Interview with Dr. Tod A. Burnett

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Dr. Tod A. Burnett: A Man Who Makes a Difference

Dr. Tod A. Burnett

(L&L) Could you talk a little bit about the unique qualities of and challenges facing community colleges?

(Dr. Tod A. Burnett): Besides being the president of Saddleback Community College, I’m on the board of Brandman University, which is an offshoot of Chapman University, part of the Chapman University System. They are going through accreditation in their School of Education in their doctoral program, which I helped with in an advisory capacity, and I’m teaching at as well. They had to start somewhere and I think, for [the college you’ve written about in L&L Magazine] The WEU it’s certainly doable, but whenever you bring in the private sector, students are going to be skeptical. It’s the chicken and the egg thing.

While the goal of free online education is noble, it’s never going to replace the human interaction of the classroom, and it’s harder to teach online than in a classroom. On a side note, I think you should definitely reach out to Gary Brahm, the president of Brandman University. They are really doing everything right, being very innovative moving forward. That’s why they split them off. Chapman is the typical four-year institution. Brandman is being innovative in the way they deliver education.

(L&L) Do you think that some students these days are reluctant to go to college, because of the high cost? They fear that they will take on a debt that they won’t be able to repay once they get out, because there won’t be a job for their degree when they get it.

(Dr. Tod A. Burnett): Yes, and that’s sad. That’s where the community college comes in, because we need to turn that around. We need to redefine what education is, what it means to have an advanced degree. We know that for a student to say, “I’m not going to go to school because there’s not going to be a job,” that’s absolutely not true. Even if you take the most under-employed degree there is, it will help you one way or the other in your career, whatever job you want to do.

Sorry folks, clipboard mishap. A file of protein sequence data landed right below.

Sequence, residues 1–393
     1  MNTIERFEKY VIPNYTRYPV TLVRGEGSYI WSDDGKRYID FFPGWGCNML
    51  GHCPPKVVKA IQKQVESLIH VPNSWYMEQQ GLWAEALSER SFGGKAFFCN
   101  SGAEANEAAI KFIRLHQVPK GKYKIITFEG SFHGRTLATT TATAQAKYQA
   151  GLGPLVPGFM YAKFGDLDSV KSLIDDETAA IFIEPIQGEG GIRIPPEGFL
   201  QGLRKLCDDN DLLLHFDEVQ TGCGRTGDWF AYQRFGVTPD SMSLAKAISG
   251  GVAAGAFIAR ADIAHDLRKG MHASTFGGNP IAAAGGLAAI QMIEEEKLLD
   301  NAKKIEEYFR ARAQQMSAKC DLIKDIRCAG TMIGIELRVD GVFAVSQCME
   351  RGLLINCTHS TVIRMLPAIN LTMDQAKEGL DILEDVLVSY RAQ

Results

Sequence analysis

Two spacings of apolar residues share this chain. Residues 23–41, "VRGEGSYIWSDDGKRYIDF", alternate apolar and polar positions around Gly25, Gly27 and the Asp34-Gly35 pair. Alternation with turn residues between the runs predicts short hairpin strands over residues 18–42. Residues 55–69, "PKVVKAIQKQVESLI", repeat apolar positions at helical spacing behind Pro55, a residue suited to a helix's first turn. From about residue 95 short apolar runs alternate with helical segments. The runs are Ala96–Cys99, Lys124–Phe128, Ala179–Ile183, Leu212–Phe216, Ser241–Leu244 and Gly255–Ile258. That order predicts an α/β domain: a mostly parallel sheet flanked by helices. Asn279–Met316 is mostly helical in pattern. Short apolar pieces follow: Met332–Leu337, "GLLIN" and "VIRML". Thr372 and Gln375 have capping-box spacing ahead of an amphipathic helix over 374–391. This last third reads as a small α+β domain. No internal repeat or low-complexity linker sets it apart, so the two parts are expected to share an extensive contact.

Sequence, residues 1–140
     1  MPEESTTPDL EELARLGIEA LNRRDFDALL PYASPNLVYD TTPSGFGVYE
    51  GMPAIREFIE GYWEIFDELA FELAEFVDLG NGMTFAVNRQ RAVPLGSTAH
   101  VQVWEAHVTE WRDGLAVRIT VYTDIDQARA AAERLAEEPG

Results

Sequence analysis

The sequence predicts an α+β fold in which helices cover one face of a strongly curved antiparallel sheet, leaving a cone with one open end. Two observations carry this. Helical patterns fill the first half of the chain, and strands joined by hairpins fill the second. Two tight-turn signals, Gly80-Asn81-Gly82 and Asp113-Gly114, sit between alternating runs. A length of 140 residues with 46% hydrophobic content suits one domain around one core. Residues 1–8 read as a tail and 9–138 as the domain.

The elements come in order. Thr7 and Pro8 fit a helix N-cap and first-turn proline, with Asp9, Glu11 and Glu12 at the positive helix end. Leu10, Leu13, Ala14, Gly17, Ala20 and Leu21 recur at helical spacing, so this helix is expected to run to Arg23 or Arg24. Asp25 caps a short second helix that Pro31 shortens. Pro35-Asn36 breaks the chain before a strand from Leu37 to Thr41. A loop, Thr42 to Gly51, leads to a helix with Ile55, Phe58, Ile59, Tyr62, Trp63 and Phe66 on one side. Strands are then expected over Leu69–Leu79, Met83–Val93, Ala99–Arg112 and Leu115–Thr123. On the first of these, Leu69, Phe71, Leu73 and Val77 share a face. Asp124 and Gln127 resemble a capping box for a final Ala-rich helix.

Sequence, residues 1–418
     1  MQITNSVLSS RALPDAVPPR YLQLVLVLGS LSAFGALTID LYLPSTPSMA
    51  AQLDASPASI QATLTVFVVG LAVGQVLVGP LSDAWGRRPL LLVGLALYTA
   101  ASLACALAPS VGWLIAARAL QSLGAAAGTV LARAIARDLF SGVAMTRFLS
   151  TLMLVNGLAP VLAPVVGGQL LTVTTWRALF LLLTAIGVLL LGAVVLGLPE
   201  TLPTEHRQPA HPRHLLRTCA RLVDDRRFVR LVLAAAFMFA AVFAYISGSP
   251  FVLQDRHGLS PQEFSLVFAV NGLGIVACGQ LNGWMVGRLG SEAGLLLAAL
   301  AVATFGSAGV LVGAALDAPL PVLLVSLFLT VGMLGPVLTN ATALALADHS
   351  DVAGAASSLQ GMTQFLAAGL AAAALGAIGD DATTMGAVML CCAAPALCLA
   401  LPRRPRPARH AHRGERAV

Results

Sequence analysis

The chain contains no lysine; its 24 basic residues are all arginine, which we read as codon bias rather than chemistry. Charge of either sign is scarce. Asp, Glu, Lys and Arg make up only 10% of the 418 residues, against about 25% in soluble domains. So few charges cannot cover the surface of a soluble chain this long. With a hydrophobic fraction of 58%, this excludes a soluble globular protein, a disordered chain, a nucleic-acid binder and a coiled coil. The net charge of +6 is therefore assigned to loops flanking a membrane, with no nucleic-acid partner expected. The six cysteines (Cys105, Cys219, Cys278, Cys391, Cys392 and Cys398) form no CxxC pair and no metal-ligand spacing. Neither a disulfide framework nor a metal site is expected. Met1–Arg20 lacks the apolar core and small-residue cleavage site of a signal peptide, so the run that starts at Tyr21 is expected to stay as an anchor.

Getting back to the original question, I think that WEU should be contacting the President, who has said that we need to make school affordable, relevant etc., well, there’s a perfect model. They should contact him right away and say, “Mr. President, we want to offer education for free. Can you help us?” Seriously. I do give credit to anybody, especially elected officials for thinking out of the box, or trying to take action, making education an important issue and having the dialogue. The problem is in execution. Unfortunately, the way our society is today, whether culturally, socially, definitely politically we tend to gravitate toward—I don’t want to say the lowest common denominator—I want to think of how to say this right. I’m going to coin a phrase here–the individual oppression. It used to be, back in our history that we wanted to protect the minority from majority oppression. Now it’s no longer about the minority being oppressed, it’s about the individual being oppressed. I use the term loosely. It could be related to a very small group of people also, or just an individual. When we are making decisions, we are not going to get anything done if we are going to try and appease. satisfy every small group or individual. It’s impossible. We have 35 million people, just in California alone, not to mention 250 million in the nation. How in the heck do you do something that doesn’t offend somebody, or isn’t in the best interest of one person against another when it comes to public policy? It’s impossible. So, what happens is that there are stalemates. The press, the media and even the public places it all on our wonderful two party system. How our country can all of sudden be divided up into two camps is beyond me. We’re the most diverse country in the world, and everybody is suddenly a Republican or a Democrat? I guess there is a third party, the Independents, but even at that, how can there be three? This is just the front of the opposition and problems that everybody focuses on. The real issue is that we don’t say no to anybody. If we don’t say no to anybody, then we don’t get anything done. So, things stifle.